High prices and low credit hamper copper stockpiles

09:03, January 27, 2011      

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Fabricators in China are likely to stock less copper than normal ahead of the lunar new year holiday because of high prices and tight credit, traders said on Wednesday.

Suppliers were keen to sell more to obtain cash. That could weigh on prices and cut China's spot copper imports until many fabricators resume full operations in late February or early March.

"This year, pre-holiday purchases by fabricators have not been as good as previous years. High prices are making them cautious in building stocks," a trader at a large copper smelter said.

Fabricators, which use refined copper and maintain full or partial production during the holiday, built copper stocks in previous years because the spot market closes during the lunar new year festival.

"Consumption fell when the price was above 70,000 yuan ($10,635.55) a ton. The prices for downstream products have not caught up with copper price hikes," said a trader for a smelter in Zhejiang province.

Spot copper traded at multi-year high above 70,000 yuan a ton in China on Tuesday, a rise of 18 percent from a year earlier.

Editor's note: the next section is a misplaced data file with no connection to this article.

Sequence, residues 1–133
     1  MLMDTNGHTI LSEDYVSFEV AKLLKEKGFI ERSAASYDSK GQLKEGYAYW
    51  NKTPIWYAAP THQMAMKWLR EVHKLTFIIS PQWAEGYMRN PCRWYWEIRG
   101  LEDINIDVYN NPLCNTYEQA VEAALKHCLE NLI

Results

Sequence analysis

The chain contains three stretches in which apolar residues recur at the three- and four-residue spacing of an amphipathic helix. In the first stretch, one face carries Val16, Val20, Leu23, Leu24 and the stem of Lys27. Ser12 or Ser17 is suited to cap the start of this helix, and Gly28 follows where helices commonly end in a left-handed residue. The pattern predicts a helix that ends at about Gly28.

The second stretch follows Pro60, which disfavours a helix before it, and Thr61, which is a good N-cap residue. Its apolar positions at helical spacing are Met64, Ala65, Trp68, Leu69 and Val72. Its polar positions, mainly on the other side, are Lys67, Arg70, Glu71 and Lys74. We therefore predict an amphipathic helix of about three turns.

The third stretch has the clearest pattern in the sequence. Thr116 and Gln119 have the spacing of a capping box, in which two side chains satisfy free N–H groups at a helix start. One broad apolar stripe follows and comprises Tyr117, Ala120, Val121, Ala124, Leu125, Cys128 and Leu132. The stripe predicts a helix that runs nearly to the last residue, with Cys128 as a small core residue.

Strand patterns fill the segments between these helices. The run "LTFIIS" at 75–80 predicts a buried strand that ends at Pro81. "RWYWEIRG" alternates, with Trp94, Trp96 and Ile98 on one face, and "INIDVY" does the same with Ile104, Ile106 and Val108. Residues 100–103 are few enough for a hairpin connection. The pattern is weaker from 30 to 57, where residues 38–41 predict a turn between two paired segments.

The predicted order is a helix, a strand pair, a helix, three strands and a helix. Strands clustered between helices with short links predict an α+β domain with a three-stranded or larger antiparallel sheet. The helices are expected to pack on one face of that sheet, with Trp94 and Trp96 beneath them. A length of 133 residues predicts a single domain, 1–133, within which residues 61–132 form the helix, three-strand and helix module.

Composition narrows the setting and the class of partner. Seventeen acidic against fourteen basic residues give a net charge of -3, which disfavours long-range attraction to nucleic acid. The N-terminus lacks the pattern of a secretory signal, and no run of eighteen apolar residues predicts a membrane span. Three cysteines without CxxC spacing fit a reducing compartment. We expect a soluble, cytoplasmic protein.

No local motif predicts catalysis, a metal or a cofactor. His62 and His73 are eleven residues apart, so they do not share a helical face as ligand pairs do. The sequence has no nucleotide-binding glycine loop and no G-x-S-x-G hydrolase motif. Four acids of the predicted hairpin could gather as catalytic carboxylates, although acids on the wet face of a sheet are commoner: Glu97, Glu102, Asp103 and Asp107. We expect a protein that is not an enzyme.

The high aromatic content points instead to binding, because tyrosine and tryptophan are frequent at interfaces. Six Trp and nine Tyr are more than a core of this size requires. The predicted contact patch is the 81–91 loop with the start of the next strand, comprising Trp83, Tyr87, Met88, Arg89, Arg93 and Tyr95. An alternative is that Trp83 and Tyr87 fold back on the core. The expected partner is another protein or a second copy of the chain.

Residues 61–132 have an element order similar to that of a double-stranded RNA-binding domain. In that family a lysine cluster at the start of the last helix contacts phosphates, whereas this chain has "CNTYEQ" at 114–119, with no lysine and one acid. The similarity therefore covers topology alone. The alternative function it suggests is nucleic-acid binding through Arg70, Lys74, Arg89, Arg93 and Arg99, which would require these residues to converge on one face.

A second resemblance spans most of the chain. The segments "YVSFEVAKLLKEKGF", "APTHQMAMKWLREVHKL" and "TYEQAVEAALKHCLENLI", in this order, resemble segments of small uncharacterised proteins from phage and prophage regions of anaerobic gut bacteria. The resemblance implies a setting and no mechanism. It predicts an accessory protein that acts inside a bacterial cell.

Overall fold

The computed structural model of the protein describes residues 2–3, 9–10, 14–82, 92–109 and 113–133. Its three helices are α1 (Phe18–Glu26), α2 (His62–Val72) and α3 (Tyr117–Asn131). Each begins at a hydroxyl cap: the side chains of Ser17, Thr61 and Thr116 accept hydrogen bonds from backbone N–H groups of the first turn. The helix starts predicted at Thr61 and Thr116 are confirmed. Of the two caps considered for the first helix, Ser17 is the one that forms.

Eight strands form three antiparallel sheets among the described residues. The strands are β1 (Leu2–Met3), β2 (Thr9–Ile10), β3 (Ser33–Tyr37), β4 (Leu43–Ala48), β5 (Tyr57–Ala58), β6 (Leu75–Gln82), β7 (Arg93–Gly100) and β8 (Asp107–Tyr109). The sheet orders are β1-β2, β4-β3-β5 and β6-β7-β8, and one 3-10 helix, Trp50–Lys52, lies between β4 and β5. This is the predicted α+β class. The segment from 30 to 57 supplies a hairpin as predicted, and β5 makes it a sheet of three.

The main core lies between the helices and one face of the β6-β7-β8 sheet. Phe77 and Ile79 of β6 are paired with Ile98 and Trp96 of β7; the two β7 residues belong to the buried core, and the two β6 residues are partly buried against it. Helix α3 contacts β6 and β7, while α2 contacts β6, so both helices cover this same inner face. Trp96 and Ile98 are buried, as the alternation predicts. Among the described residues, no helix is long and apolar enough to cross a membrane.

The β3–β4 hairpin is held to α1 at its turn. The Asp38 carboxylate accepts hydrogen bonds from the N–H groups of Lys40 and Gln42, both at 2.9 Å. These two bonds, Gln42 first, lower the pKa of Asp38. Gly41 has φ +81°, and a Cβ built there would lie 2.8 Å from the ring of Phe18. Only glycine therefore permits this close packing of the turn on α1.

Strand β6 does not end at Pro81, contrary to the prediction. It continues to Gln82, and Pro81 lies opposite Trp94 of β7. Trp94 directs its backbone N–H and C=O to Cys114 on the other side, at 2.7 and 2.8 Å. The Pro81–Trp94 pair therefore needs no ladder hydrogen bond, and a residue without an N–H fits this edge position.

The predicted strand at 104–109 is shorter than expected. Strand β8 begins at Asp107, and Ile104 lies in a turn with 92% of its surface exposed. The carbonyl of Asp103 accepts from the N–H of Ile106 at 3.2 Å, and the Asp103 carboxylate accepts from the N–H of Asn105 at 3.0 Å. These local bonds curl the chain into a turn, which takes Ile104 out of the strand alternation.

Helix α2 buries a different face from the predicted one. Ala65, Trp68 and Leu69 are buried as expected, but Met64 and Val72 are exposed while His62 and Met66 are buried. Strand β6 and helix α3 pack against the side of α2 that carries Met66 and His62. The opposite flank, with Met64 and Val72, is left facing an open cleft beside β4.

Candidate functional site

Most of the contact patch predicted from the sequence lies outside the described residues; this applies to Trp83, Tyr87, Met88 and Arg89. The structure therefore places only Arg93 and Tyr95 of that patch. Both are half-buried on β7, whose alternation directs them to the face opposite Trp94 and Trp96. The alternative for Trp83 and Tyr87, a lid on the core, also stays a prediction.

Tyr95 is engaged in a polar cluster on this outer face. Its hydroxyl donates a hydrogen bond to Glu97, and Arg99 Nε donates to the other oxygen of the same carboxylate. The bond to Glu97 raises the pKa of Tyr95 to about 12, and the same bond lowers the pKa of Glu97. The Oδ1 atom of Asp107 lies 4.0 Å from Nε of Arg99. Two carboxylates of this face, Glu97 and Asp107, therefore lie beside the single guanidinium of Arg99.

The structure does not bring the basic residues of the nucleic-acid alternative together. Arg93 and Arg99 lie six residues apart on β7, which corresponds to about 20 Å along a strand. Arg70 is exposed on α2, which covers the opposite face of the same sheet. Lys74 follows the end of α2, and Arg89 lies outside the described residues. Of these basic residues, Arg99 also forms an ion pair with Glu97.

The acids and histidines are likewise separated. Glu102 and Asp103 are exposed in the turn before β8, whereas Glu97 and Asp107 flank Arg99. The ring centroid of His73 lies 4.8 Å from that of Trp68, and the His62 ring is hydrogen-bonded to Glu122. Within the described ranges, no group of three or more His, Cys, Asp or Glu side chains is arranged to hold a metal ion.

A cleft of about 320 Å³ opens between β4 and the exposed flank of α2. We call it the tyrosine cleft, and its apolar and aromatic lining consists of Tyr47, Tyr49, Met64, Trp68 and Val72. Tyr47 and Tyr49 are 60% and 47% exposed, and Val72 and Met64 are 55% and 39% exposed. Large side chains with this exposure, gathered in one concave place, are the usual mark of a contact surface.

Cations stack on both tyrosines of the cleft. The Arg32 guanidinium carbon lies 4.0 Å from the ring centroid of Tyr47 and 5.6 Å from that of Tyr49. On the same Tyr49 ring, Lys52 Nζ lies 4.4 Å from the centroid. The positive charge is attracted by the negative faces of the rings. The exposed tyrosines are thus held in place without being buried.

The smelter trader added that merchants had not received credit from banks, and did not have much cash to stock up on copper.

China's benchmark money market rate registered its biggest single-day jump on Tuesday, sparked by the central bank's aggressive inflation-fighting drive to tighten liquidity ahead of the lunar new year, when cash demand is at its highest.

Some Chinese banks raised interest rates on loans to comply with government orders to rein in credit growth after another lending surge at the start of the year, media reported on Wednesday.

Tight credit and high copper prices are encouraging Chinese smelters and investors to sell more metal before the holiday, traders said.

"Some importers that use copper for financing have been selling metal in the spot market to obtain cash this week despite the poor arbitrage," the trader at the large smelter said, referring to Chinese copper prices that are lower than those for imports.

"But the more metal sold and larger discounts mean more concerns for buyers in building reserves," he said.

High-bonded stocks, or material not yet having incurred a 17 percent value-added tax, also kept buyers from building stockpiles.

Source:China Daily
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